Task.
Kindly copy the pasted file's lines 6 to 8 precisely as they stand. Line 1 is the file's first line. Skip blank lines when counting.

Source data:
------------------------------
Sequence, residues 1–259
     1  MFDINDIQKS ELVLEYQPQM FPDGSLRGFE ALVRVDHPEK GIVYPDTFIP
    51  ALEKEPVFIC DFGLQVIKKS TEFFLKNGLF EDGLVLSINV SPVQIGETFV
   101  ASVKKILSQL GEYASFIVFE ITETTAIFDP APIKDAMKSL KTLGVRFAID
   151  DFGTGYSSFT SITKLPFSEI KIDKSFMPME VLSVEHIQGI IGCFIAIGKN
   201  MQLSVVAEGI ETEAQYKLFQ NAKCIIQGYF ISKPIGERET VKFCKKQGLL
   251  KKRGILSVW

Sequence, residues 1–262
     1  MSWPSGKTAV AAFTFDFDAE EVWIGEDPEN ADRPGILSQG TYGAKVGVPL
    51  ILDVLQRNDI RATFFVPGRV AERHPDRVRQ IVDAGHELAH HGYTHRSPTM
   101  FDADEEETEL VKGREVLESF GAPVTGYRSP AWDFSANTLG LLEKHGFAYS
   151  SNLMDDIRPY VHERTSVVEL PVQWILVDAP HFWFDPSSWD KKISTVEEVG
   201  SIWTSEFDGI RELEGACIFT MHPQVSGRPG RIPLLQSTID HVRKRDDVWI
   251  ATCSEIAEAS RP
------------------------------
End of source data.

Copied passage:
   201  MQLSVVAEGI ETEAQYKLFQ NAKCIIQGYF ISKPIGERET VKFCKKQGLL
   251  KKRGILSVW

Sequence, residues 1–262